New York City boasts hundreds of museums, but you can literally count those that attract the lion’s share of visitors—tourists and residents alike—on one hand. Every year, smaller and lesser known museums in neighborhoods throughout the entire city offer eye-opening, educational, moving and quirky exhibits that deserve a much larger audience.
One of them, the Museum of American Finance, occupies the historic Bank of New York building at 48 Wall Street and is within a few blocks of the New York Stock Exchange and the Federal Reserve Bank of New York. Currently on view at MoAF is a particularly alluring exhibit, “Worth Its Weight: Gold from the Ground Up,” which includes a collection of unique and rare gold objects, including a Gemini astronaut training helmet with gold visor; a miner’s pan and other artifacts from the California Gold Rush; a United States Treasury gold license; and a Christopher Bechtler gold coin (the first standardized gold dollar coin minted in the US).
“The exhibit shows how gold interacts with our everyday life, whether we realize it or not. It’s in our pocket, we wear it, it’s in decorative pieces, it’s all around us, but we don’t really see its role in our lives,” explained Maura Ferguson, Director of Exhibits at MoAF. “We also give the history of gold in the US: The gold rushes, gold in finance and modern-day mining. The exhibit is fun, and something people can relate to.”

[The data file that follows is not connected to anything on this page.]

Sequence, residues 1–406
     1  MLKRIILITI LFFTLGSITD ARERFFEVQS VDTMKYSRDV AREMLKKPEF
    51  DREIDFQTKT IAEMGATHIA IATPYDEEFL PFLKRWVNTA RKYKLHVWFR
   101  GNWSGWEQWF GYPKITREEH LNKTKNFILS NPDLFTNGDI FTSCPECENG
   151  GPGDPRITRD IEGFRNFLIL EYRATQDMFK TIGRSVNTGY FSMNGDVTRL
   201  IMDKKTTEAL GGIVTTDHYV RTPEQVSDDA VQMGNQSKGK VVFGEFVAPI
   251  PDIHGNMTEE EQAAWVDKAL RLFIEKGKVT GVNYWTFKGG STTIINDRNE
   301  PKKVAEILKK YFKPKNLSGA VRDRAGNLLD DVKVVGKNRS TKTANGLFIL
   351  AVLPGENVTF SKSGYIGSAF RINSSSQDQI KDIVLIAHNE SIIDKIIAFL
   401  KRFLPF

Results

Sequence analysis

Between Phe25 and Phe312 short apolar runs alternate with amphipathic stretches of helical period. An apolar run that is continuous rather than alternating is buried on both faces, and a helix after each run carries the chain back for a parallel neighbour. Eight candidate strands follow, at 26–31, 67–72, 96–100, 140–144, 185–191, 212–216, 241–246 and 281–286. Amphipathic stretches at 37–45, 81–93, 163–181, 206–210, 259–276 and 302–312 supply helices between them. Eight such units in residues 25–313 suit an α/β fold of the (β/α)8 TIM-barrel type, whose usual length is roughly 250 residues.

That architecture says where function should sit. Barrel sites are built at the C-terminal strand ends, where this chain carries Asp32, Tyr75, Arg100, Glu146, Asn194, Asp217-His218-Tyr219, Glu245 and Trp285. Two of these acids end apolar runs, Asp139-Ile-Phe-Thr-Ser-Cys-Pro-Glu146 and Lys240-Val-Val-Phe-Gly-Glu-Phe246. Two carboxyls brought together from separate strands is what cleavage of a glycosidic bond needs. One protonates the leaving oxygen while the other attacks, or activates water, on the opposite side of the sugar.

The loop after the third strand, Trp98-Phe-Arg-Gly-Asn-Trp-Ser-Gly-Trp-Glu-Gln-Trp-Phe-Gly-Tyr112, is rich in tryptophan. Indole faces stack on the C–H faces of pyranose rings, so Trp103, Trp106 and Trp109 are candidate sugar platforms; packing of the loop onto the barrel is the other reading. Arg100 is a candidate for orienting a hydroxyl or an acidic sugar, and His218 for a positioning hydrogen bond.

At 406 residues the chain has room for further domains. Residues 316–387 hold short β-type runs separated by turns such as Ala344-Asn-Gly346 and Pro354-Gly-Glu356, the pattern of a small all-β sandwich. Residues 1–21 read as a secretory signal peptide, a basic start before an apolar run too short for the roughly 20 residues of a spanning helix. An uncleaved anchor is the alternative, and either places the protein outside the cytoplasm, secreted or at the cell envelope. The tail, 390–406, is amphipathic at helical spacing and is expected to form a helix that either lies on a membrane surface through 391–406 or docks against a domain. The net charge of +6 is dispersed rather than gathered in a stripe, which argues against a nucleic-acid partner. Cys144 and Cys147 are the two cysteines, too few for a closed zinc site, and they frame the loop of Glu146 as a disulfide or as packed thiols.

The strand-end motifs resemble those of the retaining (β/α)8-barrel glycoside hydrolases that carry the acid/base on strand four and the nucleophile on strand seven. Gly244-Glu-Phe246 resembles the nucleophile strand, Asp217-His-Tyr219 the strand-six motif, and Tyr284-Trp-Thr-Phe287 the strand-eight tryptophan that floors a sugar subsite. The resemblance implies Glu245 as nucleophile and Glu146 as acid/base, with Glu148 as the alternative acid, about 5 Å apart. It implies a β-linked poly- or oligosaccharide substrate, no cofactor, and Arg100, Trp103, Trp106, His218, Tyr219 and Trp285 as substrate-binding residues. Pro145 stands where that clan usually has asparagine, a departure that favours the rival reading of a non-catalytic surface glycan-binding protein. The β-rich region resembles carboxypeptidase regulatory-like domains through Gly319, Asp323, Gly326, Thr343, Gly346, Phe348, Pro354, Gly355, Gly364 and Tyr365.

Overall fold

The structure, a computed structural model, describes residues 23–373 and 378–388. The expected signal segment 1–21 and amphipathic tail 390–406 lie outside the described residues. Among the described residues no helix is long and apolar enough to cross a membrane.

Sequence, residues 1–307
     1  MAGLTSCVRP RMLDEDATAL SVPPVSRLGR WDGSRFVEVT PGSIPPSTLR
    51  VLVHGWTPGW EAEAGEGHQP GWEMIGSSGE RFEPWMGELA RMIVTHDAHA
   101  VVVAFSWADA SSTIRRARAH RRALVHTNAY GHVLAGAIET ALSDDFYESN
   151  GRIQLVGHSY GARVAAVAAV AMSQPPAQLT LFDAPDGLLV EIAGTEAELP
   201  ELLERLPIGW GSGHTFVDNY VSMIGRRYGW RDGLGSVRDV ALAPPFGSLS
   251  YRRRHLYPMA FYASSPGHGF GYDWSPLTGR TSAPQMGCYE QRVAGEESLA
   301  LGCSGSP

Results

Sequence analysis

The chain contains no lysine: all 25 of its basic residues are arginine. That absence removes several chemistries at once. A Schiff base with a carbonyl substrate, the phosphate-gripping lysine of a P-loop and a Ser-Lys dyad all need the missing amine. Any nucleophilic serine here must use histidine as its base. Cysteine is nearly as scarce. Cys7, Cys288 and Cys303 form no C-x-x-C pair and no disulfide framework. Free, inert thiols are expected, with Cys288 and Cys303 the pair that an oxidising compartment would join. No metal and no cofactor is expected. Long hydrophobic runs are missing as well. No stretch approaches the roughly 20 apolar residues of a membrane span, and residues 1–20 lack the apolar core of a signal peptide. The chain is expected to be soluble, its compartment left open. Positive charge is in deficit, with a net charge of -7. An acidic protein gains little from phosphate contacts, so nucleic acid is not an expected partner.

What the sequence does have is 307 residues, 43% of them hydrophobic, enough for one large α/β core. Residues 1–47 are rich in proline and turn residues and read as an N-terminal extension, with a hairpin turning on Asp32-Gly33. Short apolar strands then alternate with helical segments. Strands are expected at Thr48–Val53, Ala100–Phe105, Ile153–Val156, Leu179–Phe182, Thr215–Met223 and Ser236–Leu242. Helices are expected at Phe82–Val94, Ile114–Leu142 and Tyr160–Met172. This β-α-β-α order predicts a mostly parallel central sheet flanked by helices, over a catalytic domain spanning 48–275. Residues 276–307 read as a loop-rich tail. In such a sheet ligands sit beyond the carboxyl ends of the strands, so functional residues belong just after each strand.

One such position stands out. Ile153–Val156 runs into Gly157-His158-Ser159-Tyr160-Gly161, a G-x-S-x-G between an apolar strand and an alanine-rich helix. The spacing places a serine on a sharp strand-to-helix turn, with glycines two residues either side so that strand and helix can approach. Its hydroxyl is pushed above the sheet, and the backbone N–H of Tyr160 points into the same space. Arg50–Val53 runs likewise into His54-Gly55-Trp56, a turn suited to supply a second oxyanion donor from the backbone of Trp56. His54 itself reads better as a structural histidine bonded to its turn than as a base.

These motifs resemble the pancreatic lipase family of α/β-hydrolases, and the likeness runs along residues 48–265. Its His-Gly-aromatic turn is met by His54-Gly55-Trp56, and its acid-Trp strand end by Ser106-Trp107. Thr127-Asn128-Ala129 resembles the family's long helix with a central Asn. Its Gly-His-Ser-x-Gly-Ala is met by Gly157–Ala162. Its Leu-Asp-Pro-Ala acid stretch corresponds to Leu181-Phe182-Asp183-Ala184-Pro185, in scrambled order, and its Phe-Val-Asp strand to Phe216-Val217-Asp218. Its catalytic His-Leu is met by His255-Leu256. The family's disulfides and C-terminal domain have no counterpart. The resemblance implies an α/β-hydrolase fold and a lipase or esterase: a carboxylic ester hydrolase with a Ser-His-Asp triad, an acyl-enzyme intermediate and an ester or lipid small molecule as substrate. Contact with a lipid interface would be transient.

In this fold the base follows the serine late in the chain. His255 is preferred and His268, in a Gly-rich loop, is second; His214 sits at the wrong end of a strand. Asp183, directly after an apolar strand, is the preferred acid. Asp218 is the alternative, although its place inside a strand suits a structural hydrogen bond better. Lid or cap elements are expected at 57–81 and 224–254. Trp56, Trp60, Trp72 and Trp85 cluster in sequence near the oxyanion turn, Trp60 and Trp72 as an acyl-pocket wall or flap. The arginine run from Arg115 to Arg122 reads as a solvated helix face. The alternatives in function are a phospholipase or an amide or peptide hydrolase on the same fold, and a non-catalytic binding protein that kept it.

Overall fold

Museum officials began thinking about creating an exhibit devoted to gold when the price of the precious element soared to more than $1,400 in 2010 (to put this in perspective, gold was trading for $18.25 per ounce in May 2001).
“Gold became the thing of the moment, and there was a lot of gold bug talk,” said Ferguson. “We discussed different ways to present an exhibit, and it took a few iterations until we were able to put all the pieces together.”
“We had a tight timeline, and started to procure objects about 12 months in advance, filled in holes [in the collections] and developed the exhibit from there,” said Ferguson.
A Place For Everything
Sourcing and procuring objects for the exhibit wasn’t the Museum’s only hurdle.
The Bank of New York building—which was completed just before the Stock Market Crash of 1929—is a stunning venue with high ceilings and architectural details like a curved marble staircase that were meant to give bank depositors a sense of security in the days before FDIC insurance protected losses from bank failures. But for all its grandeur, the 30,000 sq. ft. space is lacking one important structural element, said Ferguson: “There are few walls to which we can attach things, so we needed free-standing exhibits.”
highresolution worked closely with Ferguson to devise a variety of solutions to mount and showcase artifacts, as well as to explain their history and significance. The “Gold in America” display, in particular, is rather large and the museum wanted an alternative to building a wall.
We fabricated several free-standing aluminum frames with a channel that went all the way around to hold 20’ x 8’ fabric panels. The framing can be manufactured in any length, and the fabric panels are sewn together to fit the frames.
Using dye-sublimation printing to fuse the ink to the textile, we printed the purple background and the blurbs labeling and describing the objects in the display. The panels can be washed or dry cleaned, and the printing is quite durable.
When creating these frames, we deliver the printed fabric rolled up or folded, and apply a silicone bead to the edges on all four sides. The fabric is then inserted into the channel by hand, locked in and stretched to give it a smooth, flat appearance.
A Perfect Match